The Prairie Grid Dinner Series: Set-up stumbles and staying cozy in Saskatoon

The third stop of the 2018 Prairie Grid Dinner Series sees some set-up issues get sorted moments before guests arrive

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All photos by Erin Crooks Photography.

Have you ever gone to a restaurant to find the reservation you made didn’t exist? And, to make matters worse, the restaurant is fully booked, meaning the dinner you had dreamed about for days or weeks wasn’t going to happen. Maddening, isn’t it? Now imagine, as an event planner, showing up to your venue and finding that the space you reserved for 106 people can only realistically fit about 60 and that the heater in that space may or may not last the duration of the dinner.

Oh, and it’s snowing, and the event space you rented is a tent.

The motto last year for the Prairie Grid team was, “We’ll make it work.” It’s a motto Dan Clapson and his band of tireless road crew has had to employ time and time again for season two.

Members of this team—all of whom were raised in Alberta, Saskatchewan and Manitoba—have prairie roots that run deep and strong. Problems like having no dishes, no cutlery, no venue, and no chef (JP Pedhirney’s flight out of Calgary is delayed by 12 hours)—are simply referred to as things that build character. Against all odds, these guys always “make it work”.

When guests arrive for the third dinner of the Prairie Grid Dinner: Dawn to Dusk series, they walk onto what looks like a set in a Hollywood movie. The tent that caused so much grief to the crew now acts as a backdrop decoration. It is the little red barn at the edge of the property that saves the day. Lit with strands of bright lights, it is a welcoming refuge in a stand of copper-hued trees on the property of the Willows Golf & Country Club. The slowly sinking sun provides the gold to gild this lily of a setting.

Image for The Prairie Grid Dinner Series: Set-up stumbles and staying cozy in Saskatoon

Guests mingle around a gargantuan firepit with the snap-crackle-pop of a blazing birch wood fire. They sip on Big Rock apple cider and a sunrise-inspired cocktail made with Eau Claire’s special edition gin and Porter’s rhubarb lavender tonic. Servers wind through the crowd with two option of tartare—one of beef tenderloin; the other of local tomatoes, pickles and herbs—made by host chefs Beth Rogers and Thayne Robstad of Hearth.

And then the barn doors open to allow guests into a room so beautiful, even the crew can’t believe what has transpired over the course of the day.

Image for [node:title]Photo of Saskatoon Prairie Grid Dinner by Erin Cook.

There is nothing more pleasing than to hear the laughter and chatter of people convening over food. Guests dig in to pretty Pepo ceramic bowls heaped with Mike Robin’s buttermilk vichyssoise and Manitoba smoked goldeye. They spear cured meats and pickles off of wooden platters and devour mounds of the sweet and earthy Hubbard squash the chefs have prepared in Pedhirney’s absence. You can hear a simultaneous tap-tap-tapping as people crack the golden crust of a Steve Brochu’s tourtiere topped with Brussel sprouts and rhubarb relish.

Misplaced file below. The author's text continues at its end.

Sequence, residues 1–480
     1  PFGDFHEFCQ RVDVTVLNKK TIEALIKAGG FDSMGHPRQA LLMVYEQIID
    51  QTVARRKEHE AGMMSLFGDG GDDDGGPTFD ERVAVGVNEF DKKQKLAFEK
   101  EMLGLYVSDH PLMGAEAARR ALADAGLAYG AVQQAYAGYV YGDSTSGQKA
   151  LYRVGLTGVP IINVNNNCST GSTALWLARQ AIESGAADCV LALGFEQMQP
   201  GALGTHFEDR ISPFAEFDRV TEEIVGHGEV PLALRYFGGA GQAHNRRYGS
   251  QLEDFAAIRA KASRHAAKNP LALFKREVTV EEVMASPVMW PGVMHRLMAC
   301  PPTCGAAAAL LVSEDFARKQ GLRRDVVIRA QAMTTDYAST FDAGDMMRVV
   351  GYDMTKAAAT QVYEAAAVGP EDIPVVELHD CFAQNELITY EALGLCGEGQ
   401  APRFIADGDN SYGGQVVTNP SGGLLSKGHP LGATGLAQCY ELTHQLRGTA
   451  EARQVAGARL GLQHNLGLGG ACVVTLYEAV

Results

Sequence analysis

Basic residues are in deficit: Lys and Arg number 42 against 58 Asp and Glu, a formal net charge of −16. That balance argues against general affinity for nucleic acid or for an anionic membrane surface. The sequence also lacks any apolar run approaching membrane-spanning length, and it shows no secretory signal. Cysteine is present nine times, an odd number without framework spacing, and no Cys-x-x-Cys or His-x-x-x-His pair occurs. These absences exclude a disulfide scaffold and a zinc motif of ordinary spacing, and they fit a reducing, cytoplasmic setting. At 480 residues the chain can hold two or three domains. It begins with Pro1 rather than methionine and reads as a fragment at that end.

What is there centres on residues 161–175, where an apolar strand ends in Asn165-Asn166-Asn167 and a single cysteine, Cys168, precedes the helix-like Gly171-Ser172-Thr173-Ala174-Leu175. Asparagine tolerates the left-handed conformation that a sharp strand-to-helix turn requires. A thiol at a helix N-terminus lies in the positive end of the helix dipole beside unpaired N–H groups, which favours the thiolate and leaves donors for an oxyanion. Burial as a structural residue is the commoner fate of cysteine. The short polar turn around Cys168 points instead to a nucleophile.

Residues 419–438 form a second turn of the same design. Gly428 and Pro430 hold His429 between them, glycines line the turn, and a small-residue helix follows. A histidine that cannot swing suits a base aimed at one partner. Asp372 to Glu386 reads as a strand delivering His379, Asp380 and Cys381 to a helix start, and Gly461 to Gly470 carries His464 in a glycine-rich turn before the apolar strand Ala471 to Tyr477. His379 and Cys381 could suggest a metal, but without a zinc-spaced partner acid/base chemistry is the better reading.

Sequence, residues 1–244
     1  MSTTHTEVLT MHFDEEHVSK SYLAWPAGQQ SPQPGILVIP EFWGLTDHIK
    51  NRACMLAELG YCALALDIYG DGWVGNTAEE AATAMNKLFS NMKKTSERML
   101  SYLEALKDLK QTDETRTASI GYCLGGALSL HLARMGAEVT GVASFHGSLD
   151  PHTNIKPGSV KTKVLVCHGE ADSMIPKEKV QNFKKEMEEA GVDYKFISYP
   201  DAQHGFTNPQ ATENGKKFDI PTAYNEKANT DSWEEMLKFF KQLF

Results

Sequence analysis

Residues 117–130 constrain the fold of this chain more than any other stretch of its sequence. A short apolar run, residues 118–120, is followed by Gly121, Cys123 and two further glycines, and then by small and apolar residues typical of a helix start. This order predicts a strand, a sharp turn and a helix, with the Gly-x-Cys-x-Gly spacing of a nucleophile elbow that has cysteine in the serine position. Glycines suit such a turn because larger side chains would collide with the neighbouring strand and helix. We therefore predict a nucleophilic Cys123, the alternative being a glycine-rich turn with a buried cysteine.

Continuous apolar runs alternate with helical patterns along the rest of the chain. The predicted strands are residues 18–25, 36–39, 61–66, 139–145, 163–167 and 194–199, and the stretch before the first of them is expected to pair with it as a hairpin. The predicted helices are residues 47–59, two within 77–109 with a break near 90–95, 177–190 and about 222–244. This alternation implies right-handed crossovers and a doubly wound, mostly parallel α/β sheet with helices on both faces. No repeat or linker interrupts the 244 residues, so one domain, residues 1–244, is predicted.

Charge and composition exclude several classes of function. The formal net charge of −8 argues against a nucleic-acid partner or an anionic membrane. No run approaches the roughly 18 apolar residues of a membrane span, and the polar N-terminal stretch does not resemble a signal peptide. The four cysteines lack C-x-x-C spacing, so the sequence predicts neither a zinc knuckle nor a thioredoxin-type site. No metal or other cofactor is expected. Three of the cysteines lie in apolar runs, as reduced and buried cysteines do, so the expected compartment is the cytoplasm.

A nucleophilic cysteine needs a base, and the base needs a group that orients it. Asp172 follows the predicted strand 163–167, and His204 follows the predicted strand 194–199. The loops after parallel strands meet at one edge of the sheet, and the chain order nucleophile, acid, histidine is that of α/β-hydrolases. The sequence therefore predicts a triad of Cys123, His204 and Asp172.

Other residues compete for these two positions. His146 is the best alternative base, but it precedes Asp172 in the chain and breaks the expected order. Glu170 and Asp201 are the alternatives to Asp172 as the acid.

Photo of Saskatoon Prairie Grid Dinner by Erin Cook.

The crowd is fueled by food, fellowship and libations by Living Sky Winery and Black Fox Farm & Distillery. Adrian Chappell’s brown-butter infused Northern Rye Manhattan doesn’t hurt, either, I’m guessing.

Photo of Saskatoon Prairie Grid Dinner by Erin Cook.

Rogers and Robstad outdo themselves with the main course, an artfully plated braised beef short rib with squash puree, compressed squash ribbons and sauerkraut perogies, topped with chanterelles and beet powder.

Photo of Saskatoon Prairie Grid Dinner by Erin Cook.

The perogies are a nod to Beth Roger’s Ukrainian heritage; she and Robstad have picked the chanterelles from a forest four hours north of the city. The beef is from their supplier, Pine View Farms, a producer they use exclusively for dishes on their menu at Hearth.

Photo of Saskatoon Prairie Grid Dinner by Erin Cook.

There is a lot of love in that dish and guests taste it in every bite.

The corn and honey cake by Winnipeg’s Jess Young makes people close their eyes and moan. It’s that good. The moist, dense round is served with organic Manitoba rooibos cream and a milk jam made from Saskatoon berries and reduced sweetened cream. It is topped with a crumbled Alberta rose sable (a shortbread type of cookie) and a smattering of sea salt. The Prairie Twilight Tea that accompanies the dessert is a blend made with ingredients foraged by the staff at The Hollows, where Chappell works. Tonight, she bolsters it with gin and black currant liqueur making it and the cake a perfect ending to a faultless meal.

The guests are full and happy. And that is all that ever matters.

The Prairie Grid crew packs up and prepares for Winnipeg to present the Dawn to Dusk meal one last time.

Here’s hoping there’s seats for all 112 guests and no snow storm.

The Winnipeg dinner, like in every other city, is a sold-out event. If you missed out on #PrairieGrid2018, keep your fingers crossed for news on the 2019 tour.

Follow Eat North on Instagram and Twitter for Canadian food and drink news and for more information on (hopefully) the Prairie Grid 2019 dinner series.